The History of the Company K, 42nd Indiana Volunteers

The History of Company K, 42nd Indiana Volunteers

Source: History of Warrick County, by Edwin Adams, 1868.  Pages 61-65.

Special thanks to Marsha Bryant for her permission to use the following history of  Company K.  This history was taken from Marsha's web site at:  The History of Warrick County was donated to Marsha's site by John Key and was transcribed by Samantha Miley.  Many thanks to both John and Samantha for their work on this project.

Company K, 42d Indiana Volunteers

Was organized on the 20th of Sept. 1861, and mustered into service on the 11th of October 1861, with the following officers:


Captain; Daniel G. Thompson; 1st Lieutenant, James ll. Masters;

2nd Lieutenant, Thomas L. Denny. Sergeants,- 1st, Edward M. Knowles; 2nd ? White; 3rd, Lemuel W. French; 4th, Emory Johnson; 5th, John E. Carnahan.

Whole company, ninety eight men.

Routes first year- Camp Vanderburgh to Henderson KY. hence to Calhoun, hence to Owensboro, and from there to Nashville Tennessee, on transport, where Lieut. Denny resigned and Edmund M. Knowles was promoted 2nd Lieutenant.

Hence the regiment followed in the wake of Gen. Mitchell's Division, to Huntsville Ala.

On this route, at Wartrace Tennessee, a part of the company were in a fight when sergeants White and Carnahan, and Christopher Broshears, George W. Floyd and others were wounded, so as to be discharged or disabled for the balance of the war.

After lying at Huntsville until the 23rd of August, 1862, came the long notorious retreat of Buell to Louisville Kentucky, arriving there on the 20th September, 1862. Then they commenced the pursuit of the rebel army under Bragg, and on the 8th day of October 1862, the battle of Perryville was fought, and there was killed of Company K., on the field, Oliver Buzzingham- some died of wounds. Three of the wounded, James Humphrey, George L. Masters, and Young Reed, are yet living.

Seconds year routes and changes- On the 8th of November 1862, James H. Masters was promoted Captain, vice, Daniel G. Thompson, resigned; Edward M. Knowles was promoted 1st Lieutenant, vice Masters, promoted; Emory Johnson was promoted 2nd Lieutenant, vice Knowles promoted, and Tiloson M. Neves was made 1st Sergeant.

Then came the march via Nashville to Stone River, where on the 31st of December 1862, commenced that sanguinary conflict known as the battle of Stone River. Company K, lost -killed- on that day, almost at the same instant, Rinaldo Edwards and Warrick Clifford. Among the seventy wounded on that day were Alvis Ashley, John Coleman, John Ross, and ---- Martin. After this battle we remained with the main army until we moved forward under Gen. Rosencrans through Northern Alabama and Georgia to the great battle of Chicamanga, where Miles Matthews and 1st Lieutenant Edmund M. Knowles were made prisoners of war. Miles Matthews one of the best soldiers died in Andersonville Prison, and Lieut. Edmund M. Knowles was killed outright while a prisoner of war.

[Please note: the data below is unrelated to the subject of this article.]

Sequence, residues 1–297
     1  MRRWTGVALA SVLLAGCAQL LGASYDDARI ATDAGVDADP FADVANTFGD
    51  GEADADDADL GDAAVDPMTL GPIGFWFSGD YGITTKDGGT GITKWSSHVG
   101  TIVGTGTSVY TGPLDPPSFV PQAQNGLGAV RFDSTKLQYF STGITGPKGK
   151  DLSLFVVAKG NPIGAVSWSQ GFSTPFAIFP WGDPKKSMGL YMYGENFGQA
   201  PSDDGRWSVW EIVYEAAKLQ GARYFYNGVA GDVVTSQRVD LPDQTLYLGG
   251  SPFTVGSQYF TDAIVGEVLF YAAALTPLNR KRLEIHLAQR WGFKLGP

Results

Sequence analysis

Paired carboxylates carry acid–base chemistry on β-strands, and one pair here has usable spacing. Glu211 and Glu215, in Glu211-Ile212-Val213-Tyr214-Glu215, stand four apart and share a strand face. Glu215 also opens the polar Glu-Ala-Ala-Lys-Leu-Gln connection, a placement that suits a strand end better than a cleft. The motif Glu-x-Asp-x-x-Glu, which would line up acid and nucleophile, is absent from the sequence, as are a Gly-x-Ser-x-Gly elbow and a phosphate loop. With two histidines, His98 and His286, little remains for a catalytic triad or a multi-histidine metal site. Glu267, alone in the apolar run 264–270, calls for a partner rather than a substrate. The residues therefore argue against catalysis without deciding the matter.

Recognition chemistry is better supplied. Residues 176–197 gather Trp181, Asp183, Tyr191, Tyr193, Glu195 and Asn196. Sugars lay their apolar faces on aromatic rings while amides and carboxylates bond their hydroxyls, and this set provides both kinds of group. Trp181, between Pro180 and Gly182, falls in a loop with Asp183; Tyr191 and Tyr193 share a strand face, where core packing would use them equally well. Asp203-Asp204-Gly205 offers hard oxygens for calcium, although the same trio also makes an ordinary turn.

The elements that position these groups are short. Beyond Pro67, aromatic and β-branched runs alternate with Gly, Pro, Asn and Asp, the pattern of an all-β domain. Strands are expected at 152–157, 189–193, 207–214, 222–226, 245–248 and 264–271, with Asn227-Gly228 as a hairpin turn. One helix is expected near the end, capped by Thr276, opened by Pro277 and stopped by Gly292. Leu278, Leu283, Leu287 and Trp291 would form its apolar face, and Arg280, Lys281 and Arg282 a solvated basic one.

Third year changes,- Next came the sweeping victories of Lookout Mountain and Missionary Ridge, of which our Company as a part of the first Brigade, 1st Division, 14th Army Corps, took part. Among the wounded were Thomas H. Lacer, Dangerously, and Ephraim Y. Perigo, slightly.

On the last of January 1864, our Company re-enlisted, and there were still able for service 27 men out of the 98 who were first enrolled- all of whom veteranized, when we had a short furlough home, and then went back to the front at Chattanooga, Tennessee.

In April 1864, our Company and Regiment commenced advancing with Gen. Sherman, on that almost unceasing battle from Goldsboro to Atlanta Georgia. Among the veterans of Company K, on the 11th of April 1864 Ephraim Broshears was wounded in the leg and made a cripple for life. On the 14th of April, George B. Masters was seriously wounded in the right lung and through the right shoulder, and made cripple for life. On the 22nd of July 1864, Capt. James H. Masters, was crippled for life by a gun shot wound in his right shoulder, and Lieut.; Emory Johnson was killed almost instantly by a ball passing through his lungs. In a few days afterwards, perhaps on the 7th of August, Sergeant William Stuckey and Pleasant Shepherd were also killed.

So rapidly fell the veterans of our Company that the late history of the Company is not so exactly known. The Company, however, was recruited and started in on it's fourth year, when Piletson M. Neves was promoted Captain, vice Masters discharged; Ephraim Y. Perigo was promoted 1st Lieut., vice Knowles, killed; John D. Linxwiller, promoted 2nd Lieut., vice Johnson killed. The Company was discharged at an early period by the disbandment of the army after the surrender of the rebel army. Among those that died of disease, contracted in the army, were Wesley Spillman, Reason Barrett; ----- Lewis, C.M. Williams, Absalom B. Hendson, and Joseph D. Lemasters.


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